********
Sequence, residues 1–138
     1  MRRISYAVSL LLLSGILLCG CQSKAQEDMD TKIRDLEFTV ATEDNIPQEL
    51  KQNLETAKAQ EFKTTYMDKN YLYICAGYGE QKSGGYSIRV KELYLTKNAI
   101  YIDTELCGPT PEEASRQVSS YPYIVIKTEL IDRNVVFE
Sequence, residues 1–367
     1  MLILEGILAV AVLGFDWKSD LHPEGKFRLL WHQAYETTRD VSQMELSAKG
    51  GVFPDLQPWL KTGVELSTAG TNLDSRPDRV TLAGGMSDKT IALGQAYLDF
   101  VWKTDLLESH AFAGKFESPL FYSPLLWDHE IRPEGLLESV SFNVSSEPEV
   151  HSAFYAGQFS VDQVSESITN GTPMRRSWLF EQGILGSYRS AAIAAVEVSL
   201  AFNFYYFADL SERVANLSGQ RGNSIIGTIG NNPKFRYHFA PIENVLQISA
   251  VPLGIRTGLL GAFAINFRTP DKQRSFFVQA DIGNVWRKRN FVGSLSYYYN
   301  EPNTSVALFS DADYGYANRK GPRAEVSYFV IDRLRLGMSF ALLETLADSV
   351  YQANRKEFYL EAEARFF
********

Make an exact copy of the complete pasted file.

Sequence, residues 1–138
     1  MRRISYAVSL LLLSGILLCG CQSKAQEDMD TKIRDLEFTV ATEDNIPQEL
    51  KQNLETAKAQ EFKTTYMDKN YLYICAGYGE QKSGGYSIRV KELYLTKNAI
   101  YIDTELCGPT PEEASRQVSS YPYIVIKTEL IDRNVVFE
Sequence, residues 1–367
     1  MLILEGILAV AVLGFDWKSD LHPEGKFRLL WHQAYETTRD VSQMELSAKG
    51  GVFPDLQPWL KTGVELSTAG TNLDSRPDRV TLAGGMSDKT IALGQAYLDF
   101  VWKTDLLESH AFAGKFESPL FYSPLLWDHE IRPEGLLESV SFNVSSEPEV
   151  HSAFYAGQFS VDQVSESITN GTPMRRSWLF EQGILGSYRS AAIAAVEVSL
   201  AFNFYYFADL SERVANLSGQ RGNSIIGTIG NNPKFRYHFA PIENVLQISA
   251  VPLGIRTGLL GAFAINFRTP DKQRSFFVQA DIGNVWRKRN FVGSLSYYYN
   301  EPNTSVALFS DADYGYANRK GPRAEVSYFV IDRLRLGMSF ALLETLADSV
   351  YQANRKEFYL EAEARFF